United States District Court, N.D. California
ORDER GRANTING ADMINISTRATIVE MOTION TO SEAL RE: DKT.
HAYWOOD S. GILLIAM, JR. UNITED STATES DISTRICT JUDGE.
before the Court is an omnibus administrative motion, in
which Plaintiffs Faye Vaden and Alma Jackson ask the Court to
(1) appoint a guardian ad litem for Plaintiff Jackson; and
(2) seal Plaintiff Jackson's health and financial
records, which were attached in support of the motion.
See Dkt. No. 54. The Court granted the motion in
part on December 4, 2019, appointing Plaintiff Vaden as
guardian ad litem for Plaintiff Jackson. See Dkt.
No. 57. For the reasons detailed below, the Court further
GRANTS the motion to seal.
generally apply a “compelling reasons” standard
when considering motions to seal documents. Pintos v.
Pac. Creditors Ass'n, 605 F.3d 665, 678 (9th Cir.
2010) (citing Kamakana v. City & Cnty. of
Honolulu, 447 F.3d 1172, 1178 (9th Cir. 2006)).
“This standard derives from the common law right
‘to inspect and copy public records and documents,
including judicial records and documents.'”
Id. (quoting Kamakana, 447 F.3d at 1178).
“[A] strong presumption in favor of access is the
starting point.” Kamakana, 447 F.3d at 1178
(quotation omitted). To overcome this strong presumption, the
party seeking to seal a judicial record attached to a
dispositive motion must “articulate compelling reasons
supported by specific factual findings that outweigh the
general history of access and the public policies favoring
disclosure, such as the public interest in understanding the
judicial process” and “significant public
events.” Id. at 1178- 79 (quotation omitted).
“In general, ‘compelling reasons' sufficient
to outweigh the public's interest in disclosure and
justify sealing court records exist when such ‘court
files might have become a vehicle for improper purposes,'
such as the use of records to gratify private spite, promote
public scandal, circulate libelous statements, or release
trade secrets.” Id. at 1179 (quoting Nixon
v. Warner Commc'ns, Inc., 435 U.S. 589, 598 (1978)).
“The mere fact that the production of records may lead
to a litigant's embarrassment, incrimination, or exposure
to further litigation will not, without more, compel the
court to seal its records.” Id.
Court must “balance the competing interests of the
public and the party who seeks to keep certain judicial
records secret. After considering these interests, if the
court decides to seal certain judicial records, it must base
its decision on a compelling reason and articulate the
factual basis for its ruling, without relying on hypothesis
or conjecture.” Id. Civil Local Rule 79-5
supplements the compelling reasons standard set forth in
Kamakana: the party seeking to file a document or
portions of it under seal must “establish that the
document, or portions thereof, are . . . entitled to
protection under the law . . . The request must be narrowly
tailored to seek sealing only of sealable material.”
Civil L.R. 79-5(b).
attached to nondispositive motions, however, are not subject
to the same strong presumption of access. See
Kamakana, 447 F.3d at 1179. Because such records
“are often unrelated, or only tangentially related, to
the underlying cause of action, ” parties moving to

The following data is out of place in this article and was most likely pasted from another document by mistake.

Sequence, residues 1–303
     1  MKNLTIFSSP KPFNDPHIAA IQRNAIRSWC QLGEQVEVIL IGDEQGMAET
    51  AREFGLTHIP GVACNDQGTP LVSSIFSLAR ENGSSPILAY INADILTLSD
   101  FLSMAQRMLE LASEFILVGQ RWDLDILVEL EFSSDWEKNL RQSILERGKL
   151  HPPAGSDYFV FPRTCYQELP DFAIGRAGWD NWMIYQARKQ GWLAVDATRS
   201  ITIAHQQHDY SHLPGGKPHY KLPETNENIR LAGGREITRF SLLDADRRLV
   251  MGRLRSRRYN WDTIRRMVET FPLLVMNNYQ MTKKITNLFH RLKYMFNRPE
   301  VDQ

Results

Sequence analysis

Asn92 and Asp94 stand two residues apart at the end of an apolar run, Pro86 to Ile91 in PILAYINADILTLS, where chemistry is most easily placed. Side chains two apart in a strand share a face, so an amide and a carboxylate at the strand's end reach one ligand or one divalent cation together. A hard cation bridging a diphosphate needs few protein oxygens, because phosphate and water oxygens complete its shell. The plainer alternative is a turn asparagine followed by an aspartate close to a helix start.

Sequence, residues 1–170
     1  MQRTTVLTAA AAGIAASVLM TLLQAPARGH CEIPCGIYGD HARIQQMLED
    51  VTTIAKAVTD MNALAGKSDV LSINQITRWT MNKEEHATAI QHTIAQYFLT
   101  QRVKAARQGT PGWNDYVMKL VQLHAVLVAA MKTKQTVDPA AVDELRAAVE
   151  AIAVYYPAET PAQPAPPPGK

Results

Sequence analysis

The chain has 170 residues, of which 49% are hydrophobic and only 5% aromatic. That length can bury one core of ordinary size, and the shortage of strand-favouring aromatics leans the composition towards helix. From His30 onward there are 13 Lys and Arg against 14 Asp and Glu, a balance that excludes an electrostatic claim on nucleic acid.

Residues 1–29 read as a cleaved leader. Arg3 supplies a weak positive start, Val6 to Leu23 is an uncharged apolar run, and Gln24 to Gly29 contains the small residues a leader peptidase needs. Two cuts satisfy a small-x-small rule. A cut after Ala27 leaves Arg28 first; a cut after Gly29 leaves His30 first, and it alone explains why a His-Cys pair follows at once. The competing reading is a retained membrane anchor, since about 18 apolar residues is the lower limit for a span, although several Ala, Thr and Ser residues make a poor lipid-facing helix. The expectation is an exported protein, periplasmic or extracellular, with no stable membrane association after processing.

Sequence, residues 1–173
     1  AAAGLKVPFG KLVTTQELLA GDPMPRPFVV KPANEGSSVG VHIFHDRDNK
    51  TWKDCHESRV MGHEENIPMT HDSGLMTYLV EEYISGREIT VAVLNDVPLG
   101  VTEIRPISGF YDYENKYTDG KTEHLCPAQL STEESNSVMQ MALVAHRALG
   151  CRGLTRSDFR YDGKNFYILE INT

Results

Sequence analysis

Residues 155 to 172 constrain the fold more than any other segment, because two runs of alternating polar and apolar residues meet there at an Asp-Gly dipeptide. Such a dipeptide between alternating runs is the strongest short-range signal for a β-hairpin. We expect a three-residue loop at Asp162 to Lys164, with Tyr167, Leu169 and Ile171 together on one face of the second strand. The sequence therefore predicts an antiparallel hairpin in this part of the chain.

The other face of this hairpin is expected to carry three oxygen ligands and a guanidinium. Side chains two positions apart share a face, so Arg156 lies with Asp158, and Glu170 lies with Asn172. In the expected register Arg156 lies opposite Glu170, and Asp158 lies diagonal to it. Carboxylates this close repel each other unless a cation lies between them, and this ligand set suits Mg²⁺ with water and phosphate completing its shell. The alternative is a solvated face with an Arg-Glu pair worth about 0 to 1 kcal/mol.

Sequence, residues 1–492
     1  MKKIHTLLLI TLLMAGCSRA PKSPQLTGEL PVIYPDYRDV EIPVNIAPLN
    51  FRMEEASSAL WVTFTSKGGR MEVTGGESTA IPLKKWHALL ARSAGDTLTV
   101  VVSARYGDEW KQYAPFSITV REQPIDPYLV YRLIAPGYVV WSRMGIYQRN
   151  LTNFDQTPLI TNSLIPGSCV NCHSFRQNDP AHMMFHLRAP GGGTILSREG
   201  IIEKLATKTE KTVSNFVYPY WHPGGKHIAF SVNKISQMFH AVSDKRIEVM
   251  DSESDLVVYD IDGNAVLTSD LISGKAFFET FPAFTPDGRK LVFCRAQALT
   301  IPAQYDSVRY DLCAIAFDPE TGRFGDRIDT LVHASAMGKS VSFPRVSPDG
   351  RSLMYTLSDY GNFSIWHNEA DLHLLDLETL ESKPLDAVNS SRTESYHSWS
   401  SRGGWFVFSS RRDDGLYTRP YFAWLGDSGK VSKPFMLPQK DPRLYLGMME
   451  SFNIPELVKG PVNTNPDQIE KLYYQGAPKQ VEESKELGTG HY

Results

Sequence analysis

seal must meet the lower “good cause” standard of
Rule 26(c) of the Federal Rules of Civil Procedure.
Id. at 1179-80 (quotation omitted). This requires
only a “particularized showing” that
“specific prejudice or harm will result” if the
information is disclosed. Phillips ex rel. Estates of
Byrd v. Gen. Motors Corp., 307 F.3d 1206, 1210-11 (9th
Cir. 2002); see also Fed. R. Civ. P. 26(c).
“Broad allegations of harm, unsubstantiated by specific
examples of articulated reasoning” will not suffice.
Beckman Indus., Inc. v. Int'l Ins. Co., 966 F.2d
470, 476 (9th Cir. 1992) (quotation omitted).
Plaintiffs' motion to appoint a guardian ad litem is a
nondispositive motion, the Court applies the lower
“good cause” standard to Plaintiffs' request
to file certain exhibits attached to that motion under seal.
Court finds that good cause exists to seal Dkt. Nos. 54-3,
Exs. 1 & 2; 54-5; and 54-6, as they consist of highly
sensitive and otherwise confidential medical and banking
records, as well as references to these records. And the
Court finds that the public's interest in disclosure of
this information is low as these records are not the subject
of the lawsuit. See San Ramon Reg'l
Med. Ctr., Inc. v. Principal Life Ins. Co., No.
10-cv-02258-SBA, 2011 WL 89931, at *1, n.1 (N.D. Cal. Jan.
10, 2011) (finding that confidentiality of medical records
under the Health Insurance Portability and Accountability Act
of 1996 outweighed presumption in favor of public access to
court records). Rather, they were attached to explain
Plaintiff Jackson's need for a guardian ad litem to
pursue this action.
Plaintiffs' counsel proposed redactions to Plaintiff
Jackson's medical and financial records at Dkt. Nos.
54-3, Exs. 1 & 2, the Court finds that good cause exists
to seal these records in their entirety. See Id.
Even in redacted form, the documents reveal sensitive
information to which the public has no need to review as part
of this action. The Court cautions Plaintiffs' counsel to
act with care in the future before filing her clients'
medical information on the public docket. Accordingly, the
Court GRANTS the motion to seal as to Dkt.
Nos. 54-3; 54-5; and 54-6 in their entirety. Plaintiffs'
counsel shall file a fully redacted version of Dkt. No. ...